A study evaluated the association between different amounts of alcohol consumption and the risk of agerelated cataract.
Heavy alcohol consumption was defined as more than two standard drinks per day, which is equal to a daily intake of 20 g of alcohol or 140 g per week. Moderate consumption was defined as less than 20 g of alcohol per day but more than never any.
Researchers searched for studies with data on alcohol consumption and age-related cataract. Five case-control and five cohort studies were identified through comprehensive literature search of PubMed and Embase.
In the meta-analysis of 10 studies, the associations between moderate alcohol consumption and agerelated cataract were marginally nonsignificant (pooled relative risk, 0.88; 95% confidence interval, 0.74 to 1.05; I2 = 82.1%), whereas heavy alcohol consumption was associated with an increased risk of age-related cataract (pooled relative risk, 1.26; 95% confidence interval, 1.06 to 1.50; I2 = 58.9%). The association between heavy alcohol consumption and cataract was stronger in case-control than in cohort studies. Adjusting for smoking as a potential confounder attenuated the association between heavy alcohol consumption and cataract.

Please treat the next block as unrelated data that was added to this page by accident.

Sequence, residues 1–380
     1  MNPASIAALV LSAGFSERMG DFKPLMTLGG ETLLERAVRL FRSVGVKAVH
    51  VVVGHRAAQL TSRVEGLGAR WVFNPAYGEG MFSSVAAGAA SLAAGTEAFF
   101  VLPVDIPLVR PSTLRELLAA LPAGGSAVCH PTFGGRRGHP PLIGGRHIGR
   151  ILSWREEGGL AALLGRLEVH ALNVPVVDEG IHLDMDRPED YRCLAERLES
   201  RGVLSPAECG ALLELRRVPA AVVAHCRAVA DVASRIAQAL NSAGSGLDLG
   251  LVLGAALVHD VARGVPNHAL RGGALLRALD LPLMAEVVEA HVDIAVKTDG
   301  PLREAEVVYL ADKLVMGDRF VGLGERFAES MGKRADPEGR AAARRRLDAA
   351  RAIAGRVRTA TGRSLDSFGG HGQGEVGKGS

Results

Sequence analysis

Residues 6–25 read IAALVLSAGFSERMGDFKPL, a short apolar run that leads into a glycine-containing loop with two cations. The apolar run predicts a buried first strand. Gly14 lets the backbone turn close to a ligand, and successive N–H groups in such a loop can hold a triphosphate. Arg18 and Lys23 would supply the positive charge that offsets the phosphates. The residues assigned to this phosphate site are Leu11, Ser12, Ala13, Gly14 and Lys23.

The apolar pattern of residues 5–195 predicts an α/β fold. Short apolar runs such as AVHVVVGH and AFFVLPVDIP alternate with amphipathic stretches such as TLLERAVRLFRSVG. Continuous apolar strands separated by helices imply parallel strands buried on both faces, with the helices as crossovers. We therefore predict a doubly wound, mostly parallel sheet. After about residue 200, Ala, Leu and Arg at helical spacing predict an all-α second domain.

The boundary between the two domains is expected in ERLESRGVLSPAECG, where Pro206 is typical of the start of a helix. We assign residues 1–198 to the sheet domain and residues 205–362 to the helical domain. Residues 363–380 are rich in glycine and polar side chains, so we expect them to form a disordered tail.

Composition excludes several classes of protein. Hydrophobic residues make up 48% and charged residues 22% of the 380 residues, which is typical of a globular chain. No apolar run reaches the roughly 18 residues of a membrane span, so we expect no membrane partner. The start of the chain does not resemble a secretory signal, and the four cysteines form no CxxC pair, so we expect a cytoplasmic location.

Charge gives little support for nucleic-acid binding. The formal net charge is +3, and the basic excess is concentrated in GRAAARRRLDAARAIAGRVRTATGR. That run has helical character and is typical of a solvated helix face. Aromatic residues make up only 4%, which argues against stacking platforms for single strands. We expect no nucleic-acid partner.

The authors conclude that heavy alcohol consumption significantly increased the risk of agerelated cataract, whereas moderate consumption may be protective for this ocular condition. Clinically, information on a patient’s alcohol drinking history might be valuable to general physicians and ophthalmologists when there is a diagnosis of agerelated cataract and should be collected on a routine basis in eye clinics.
Source: Different amounts of alcohol consumption and cataract: a meta-analysis Gong Y; Feng K; Yan N; Xu Y; Pan CW, Optometry and Vision Science. Vol 92, No 4, 2015, pp471-479.